Wednesday, 26 May 2010

Blair's criminal justice reforms - another step on the road to social fascism

The following first appeared in the Newspaper "Fight Racism! Fight Imperialism!"

By: Nicki Jameson

On 23 June Labour Party Prime Minister Tony Blair made a speech in Bristol, setting out his manifesto for the "reform" of the criminal justice system. Thinly disguised as a call for a 'considered intellectual and political debate about the nature of liberty in the modern world', the speech set out the Labour Party's plans for policing Britain in the interests of capitalism in the next period. While, as in all such speeches, Blair paid lip-service to the genuine problems faced by inner-city working class communities on drug and crime-ridden estates, his words were squarely directed at the middle classes and labour aristocracy, who Blair describes as 'ordinary, decent law-abiding folk... [who] think they play fair and play by the rules and they see too many people who don't, getting away with it.'

Although the speech was peppered with attacks on immigrants and would-be terrorists, and on courts and judges that have upheld their rights not to be deported or tortured, the main target was the impoverished native working class. Blair's explanation for increased crime and alienation over the past 50 years is that along with changed demography and a less cohesive society (more social mobility, migration, divorce, employment of women, less "deference" etc) 'a more prosperous nation is a more demanding nation. Prosperity increases the opportunity for crime and makes it more lucrative.'

In this deliberately dishonest take on the world, everything can be easily explained: 'Prosperity means most people have something worth stealing. Drugs means more people are prepared to steal. Organised crime which trafficks in drugs and people make money. Violence, often of a qualitatively as well as quantitatively different sort than anything before, accompanies it. Then there is the advent of this new phenomenon of global terrorism based on a perversion of Islam.'

But the truth is that it is not increased prosperity that characterises Britain under Labour, but increased inequality. Since 1997 the rich and middle class have grown better off while the poor have become poorer. In August 2005 research by the government's own Office of National Statistics showed that the income gap between rich and poor has widened significantly under Labour.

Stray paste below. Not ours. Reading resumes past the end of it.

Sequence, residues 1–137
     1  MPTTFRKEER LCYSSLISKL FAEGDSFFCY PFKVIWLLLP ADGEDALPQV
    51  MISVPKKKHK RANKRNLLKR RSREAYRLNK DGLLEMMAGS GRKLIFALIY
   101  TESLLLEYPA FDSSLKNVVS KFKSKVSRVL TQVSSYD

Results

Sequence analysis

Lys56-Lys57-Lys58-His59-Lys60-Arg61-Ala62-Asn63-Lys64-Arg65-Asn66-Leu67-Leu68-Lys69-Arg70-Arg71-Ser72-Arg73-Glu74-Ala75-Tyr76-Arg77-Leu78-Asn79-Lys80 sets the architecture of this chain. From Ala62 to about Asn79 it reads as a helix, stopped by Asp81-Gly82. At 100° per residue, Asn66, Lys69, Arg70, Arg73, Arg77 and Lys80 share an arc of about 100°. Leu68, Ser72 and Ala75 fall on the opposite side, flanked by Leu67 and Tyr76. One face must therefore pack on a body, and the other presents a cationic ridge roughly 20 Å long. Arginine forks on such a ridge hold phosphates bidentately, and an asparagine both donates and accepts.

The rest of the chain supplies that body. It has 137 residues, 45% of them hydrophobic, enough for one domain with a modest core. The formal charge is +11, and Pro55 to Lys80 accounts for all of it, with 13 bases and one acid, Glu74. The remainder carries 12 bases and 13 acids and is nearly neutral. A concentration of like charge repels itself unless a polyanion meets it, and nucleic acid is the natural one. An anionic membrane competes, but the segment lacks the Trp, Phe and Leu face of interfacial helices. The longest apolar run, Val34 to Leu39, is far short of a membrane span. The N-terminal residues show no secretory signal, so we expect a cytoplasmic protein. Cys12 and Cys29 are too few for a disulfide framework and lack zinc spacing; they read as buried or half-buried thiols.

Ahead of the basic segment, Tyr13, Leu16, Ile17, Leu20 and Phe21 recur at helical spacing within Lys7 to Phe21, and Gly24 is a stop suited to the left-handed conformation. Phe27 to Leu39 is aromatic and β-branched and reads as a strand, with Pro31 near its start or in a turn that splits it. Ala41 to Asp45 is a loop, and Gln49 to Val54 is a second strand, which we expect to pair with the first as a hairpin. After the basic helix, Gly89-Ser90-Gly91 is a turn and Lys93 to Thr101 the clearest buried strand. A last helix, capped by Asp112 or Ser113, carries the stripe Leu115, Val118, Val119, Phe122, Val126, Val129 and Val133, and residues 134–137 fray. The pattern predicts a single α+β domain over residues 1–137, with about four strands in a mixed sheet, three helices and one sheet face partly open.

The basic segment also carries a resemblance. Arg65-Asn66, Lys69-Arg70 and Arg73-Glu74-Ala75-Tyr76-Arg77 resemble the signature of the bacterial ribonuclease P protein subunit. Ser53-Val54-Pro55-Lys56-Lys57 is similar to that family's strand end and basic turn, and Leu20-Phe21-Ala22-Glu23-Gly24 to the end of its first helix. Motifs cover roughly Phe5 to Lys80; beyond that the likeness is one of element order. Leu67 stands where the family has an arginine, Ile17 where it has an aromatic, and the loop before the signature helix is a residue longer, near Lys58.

Traditionally this situation would have resulted in at least a nod towards redistribution of wealth, usually through increased taxation of the better off. But Blair's Labour Party has no intention of taking the smallest thing away from the "prosperous"; his sole aim is to attack the impoverished working class still further. When he speaks of 'rebalanc[ing] favour of the decent, law-abiding majority who play by the rules and think others should too' he is actually setting out plans to tilt the scales still further against those already suffering the most. The people who are the poorest and most alienated will henceforth be targeted, monitored, and punished not just as a result of crime they might be driven to commit, but simply for existing, for being poor, for having children who are poor, or for being addicted to drugs. This is fascism.

Blair's concrete plans break down into four sections:

  1.  More laws. A power to arrest and bring immediately to court anyone who breaks an undertaking to have treatment for drug addiction. Swifter, summary powers to deal with anti-social behaviour. Changes to limits on the seizure of assets of suspects.
  2. New systems Special summary "community courts", "anti-social behaviour courts", "drug courts" and "domestic violence courts".
  3. Tracking of 'suspects and offenders' who will be 'given not just a sentence but an appropriate process for sorting their life out; and if they don't, be followed up, brought back to court'. If you don't follow orders, you can not only be imprisoned - but also starved or made homeless, as local authorities will be allowed to take compliance into account when deciding on entitlement to benefits and social welfare.
  4. "Public service reform - this is described as 'Capturing and disseminating best practice; using different and new the management of offenders'. In effect it means more privatisation. It also includes 'giving the victim a right to be heard in relation to sentencing', which is code for lynch-mob justice, as victims who ask for leniency do not make headlines.
Blair makes no apologies for this programme: 'We need far earlier intervention with some of these families, who are often socially excluded and socially dysfunctional. That may mean before they offend; and certainly before they want such intervention. But in truth, we can identify such families virtually as their children are born.'

The children and families Blair wants to label as deviant from birth are precisely those who are not benefiting from the 'increased prosperity' he harps on about. Labour pledged when it came to power that it would end child poverty and has singularly failed to do so. In Bristol where Blair delivered this speech, 26% of children live below the poverty line. In Britain's wealthy capital city, London, 41% of children live in poverty. But the "intervention" that the government will be making in their lives is not to provide relief or assistance but simply punishment.
Nicki Jameson

Fight Racism! Fight Imperialism!
BCM BOX 5909

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